Pamplin Media Group – New Heights: PGE Indoor Training Center Opens in Sherwood
Not only are there 23 outdoor power poles to practice on, but four also stand inside the center.
On a recent chilly morning in Sherwood, a group of 20 Portland General Electric pre-apprentices dug their spiked climbing gaffs into wooden power poles, using them to help climb to the 35-foot peaks of top of the poles.
What sets them apart is that they were the first group of future linemen to train at PGE’s new training facility, which includes an expansive outdoor training footprint as well as a facility 15,695 square foot interior on Southwest Langer Farms Parkway.
“Here at Sherwood what we do is we basically get them used to climbing the power poles, getting in shape to the point where when they get to the apprenticeship program they’re able to completely have the ability to climb and work at heights,” said Jim Phelps, PGE Apprenticeship Program Supervisor.
While power pole climbing is incredibly stressful on a person’s legs and hips, it is a daily routine that has been practiced by linemen around the world since the telegraph, and later poles electric, were first installed in the middle of the 19th century.
Soon, the linemen engage in a veritable showdown between two groups, a way for them to practice their balance on the poles.
“It’s really a conditioning exercise,” Phelps said as the two groups tugged on the rope, trying to maintain their balance more than 20 feet in the air.
“It’s not for the faint-hearted,” Verlea Briggs, PGE’s senior learning program director, noted during the exercise. “If you think of this type of work as a profession, it can be extremely rewarding. We think of them as a kind of first responder…especially during storms.”
While new housing developments have their utilities buried underground, linemen practice an old-fashioned art form that’s over 100 years old. Although much of the work today is done by bucket trucks, they are usually accompanied by at least one rigger on a pole, Phelps said.
Instead of stringing live wires, linemen at the Sherwood Training Center practiced using thick ropes, stringing them from pole to pole.
“It’s definitely a craft that we want to communicate to the community that’s available to them,” Briggs said.
Three years in the making, the new training facility sits on land that has been used to serve linemen since PGE moved its training facility from its former site at OMSI in the early 1990s.
“Our goal here is to maintain their climbing skills,” said Randy Bryson, one of the fellow trainers, who was literally showing his students the ropes. “We climb them quite hard in the morning like that, then at the end of the afternoon, we will do a last climb at the end of the day.”
It all builds confidence, he said, and as they become more confident they will be asked to climb higher, Bryson said, pointing to several high-voltage metal poles in front of the training center that go up up to 140 feet – and which linemen often have to climb too.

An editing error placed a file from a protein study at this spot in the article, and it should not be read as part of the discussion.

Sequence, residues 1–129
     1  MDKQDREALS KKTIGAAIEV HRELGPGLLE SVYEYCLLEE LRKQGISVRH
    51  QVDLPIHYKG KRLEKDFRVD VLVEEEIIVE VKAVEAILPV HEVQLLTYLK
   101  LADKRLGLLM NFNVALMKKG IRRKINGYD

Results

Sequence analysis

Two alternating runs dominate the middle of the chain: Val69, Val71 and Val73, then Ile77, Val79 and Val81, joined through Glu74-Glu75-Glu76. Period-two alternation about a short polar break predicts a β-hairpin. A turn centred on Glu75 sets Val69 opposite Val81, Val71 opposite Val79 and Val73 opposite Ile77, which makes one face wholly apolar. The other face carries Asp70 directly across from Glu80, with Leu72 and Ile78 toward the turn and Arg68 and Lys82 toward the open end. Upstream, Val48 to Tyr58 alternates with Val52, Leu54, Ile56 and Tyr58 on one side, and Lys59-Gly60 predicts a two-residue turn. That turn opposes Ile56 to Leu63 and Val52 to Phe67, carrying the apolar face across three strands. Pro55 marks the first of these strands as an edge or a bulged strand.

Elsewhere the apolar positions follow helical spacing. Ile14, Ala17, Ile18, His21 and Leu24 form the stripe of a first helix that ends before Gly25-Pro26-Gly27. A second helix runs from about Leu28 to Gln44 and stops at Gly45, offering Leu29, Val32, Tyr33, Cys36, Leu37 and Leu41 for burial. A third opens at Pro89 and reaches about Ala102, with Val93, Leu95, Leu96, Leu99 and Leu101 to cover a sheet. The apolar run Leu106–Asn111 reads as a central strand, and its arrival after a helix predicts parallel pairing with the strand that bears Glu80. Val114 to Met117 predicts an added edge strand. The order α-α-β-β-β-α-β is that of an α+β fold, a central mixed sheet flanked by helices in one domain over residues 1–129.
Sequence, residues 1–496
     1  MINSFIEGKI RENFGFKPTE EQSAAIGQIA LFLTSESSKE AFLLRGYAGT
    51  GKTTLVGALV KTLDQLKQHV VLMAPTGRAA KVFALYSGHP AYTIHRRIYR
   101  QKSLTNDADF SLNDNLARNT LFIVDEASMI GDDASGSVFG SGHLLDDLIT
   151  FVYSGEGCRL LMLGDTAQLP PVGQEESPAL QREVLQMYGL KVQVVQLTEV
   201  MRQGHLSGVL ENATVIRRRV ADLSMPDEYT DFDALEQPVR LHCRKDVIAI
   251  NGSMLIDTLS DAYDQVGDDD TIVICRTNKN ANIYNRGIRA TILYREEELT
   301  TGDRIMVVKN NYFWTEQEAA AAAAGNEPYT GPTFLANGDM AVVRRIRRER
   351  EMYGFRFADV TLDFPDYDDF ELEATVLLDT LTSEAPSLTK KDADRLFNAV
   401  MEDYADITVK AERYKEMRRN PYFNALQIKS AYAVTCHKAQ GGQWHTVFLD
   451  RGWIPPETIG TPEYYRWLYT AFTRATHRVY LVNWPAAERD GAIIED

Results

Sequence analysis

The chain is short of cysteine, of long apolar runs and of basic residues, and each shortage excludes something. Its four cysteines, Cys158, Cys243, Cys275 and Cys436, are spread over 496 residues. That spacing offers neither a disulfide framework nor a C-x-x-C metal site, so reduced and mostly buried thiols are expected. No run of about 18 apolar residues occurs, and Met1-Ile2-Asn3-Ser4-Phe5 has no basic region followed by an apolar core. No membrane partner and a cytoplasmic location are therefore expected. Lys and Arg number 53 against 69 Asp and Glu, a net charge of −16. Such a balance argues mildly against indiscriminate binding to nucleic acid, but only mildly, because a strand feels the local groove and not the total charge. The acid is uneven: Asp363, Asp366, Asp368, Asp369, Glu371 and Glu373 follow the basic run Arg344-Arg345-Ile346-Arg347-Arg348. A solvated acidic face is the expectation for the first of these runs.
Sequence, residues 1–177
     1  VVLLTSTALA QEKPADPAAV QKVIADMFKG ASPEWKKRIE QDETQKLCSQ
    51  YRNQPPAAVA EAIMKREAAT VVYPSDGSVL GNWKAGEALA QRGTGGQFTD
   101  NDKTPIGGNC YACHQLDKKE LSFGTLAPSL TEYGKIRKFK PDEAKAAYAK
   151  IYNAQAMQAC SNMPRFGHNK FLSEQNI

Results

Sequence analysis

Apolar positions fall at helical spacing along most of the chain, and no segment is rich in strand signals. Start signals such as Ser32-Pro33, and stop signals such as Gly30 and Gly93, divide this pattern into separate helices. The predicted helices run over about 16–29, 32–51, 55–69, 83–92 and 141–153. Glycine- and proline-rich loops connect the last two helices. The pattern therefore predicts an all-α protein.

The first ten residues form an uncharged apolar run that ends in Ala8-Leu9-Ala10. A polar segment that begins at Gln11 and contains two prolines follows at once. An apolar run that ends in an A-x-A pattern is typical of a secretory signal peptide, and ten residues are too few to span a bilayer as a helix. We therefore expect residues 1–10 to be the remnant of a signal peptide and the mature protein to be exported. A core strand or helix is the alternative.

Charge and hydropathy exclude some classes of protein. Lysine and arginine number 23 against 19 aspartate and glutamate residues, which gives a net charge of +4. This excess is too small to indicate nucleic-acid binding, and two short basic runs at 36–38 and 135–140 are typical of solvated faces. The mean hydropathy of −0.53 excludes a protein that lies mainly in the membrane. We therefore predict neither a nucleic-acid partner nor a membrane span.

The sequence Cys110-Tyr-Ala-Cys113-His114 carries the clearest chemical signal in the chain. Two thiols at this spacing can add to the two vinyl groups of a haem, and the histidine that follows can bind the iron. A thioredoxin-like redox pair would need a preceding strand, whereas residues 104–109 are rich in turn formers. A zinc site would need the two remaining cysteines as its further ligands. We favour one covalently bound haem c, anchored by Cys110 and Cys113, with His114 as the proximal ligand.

Bryson, who has worked at PGE for 40 years, said a big part of the satisfaction linemen get from their jobs is knowing they can turn on people’s lights. He called the pre-apprentices he is currently training (all of whom have spent the past three months taking courses that last 12 to 18 months) “a good bunch of kids”.
One of them is Michael Tolento, 28, who is considering becoming a PGE Journeyman.
“As a pre-apprentice, my job is really to soak up anything and everything these guys are willing to teach me,” Michael said. “(I) do something new every day. Even when it’s the same thing, it’s still exciting and a new experience every day.”
Tolento said he had no experience working in public services and the training was “definitely learning to walk, to take steps every day.”
Those who continue their training enter the full PGE apprenticeship program, which lasts about three and a half years.
The new Sherwood facility also has indoor classrooms for training. Also inside the center are four power poles, ranging from 35 to 40 feet tall, all catering to a different set of skills linemen will need to know.
But the actual training comes as the pre-apprentices grab their tools and head for the outside posts.
On the other side of the property is what they call the “Ice House”, a small metal structure once located at the Oregon Museum of Science and Industry in Portland that was used as a center for training and was later moved to the Sherwood location.
“There was no way to get rid of that,” Phelps said. “It was part of the story, the history of the company. We have (names) going back to 1953,” Phelps said.
These are the names of PGE linemen who have completed their training, many of them written on the walls of the building with others inside on a so-called “signature board”.
Phelps said he was really pleased with the new facility.
“I couldn’t be happier with the increase in efficiency, our ability to go straight from the classroom to the outside and we call it blended learning,” Phelps said. “We hit people at all levels. It’s really cool.”
By the numbers
23 — Outdoor Training Sticks
4 — Coaching posts inside the center
5.6 — Acres of Site Property
54 — Height (in feet) of the top of the indoor training center
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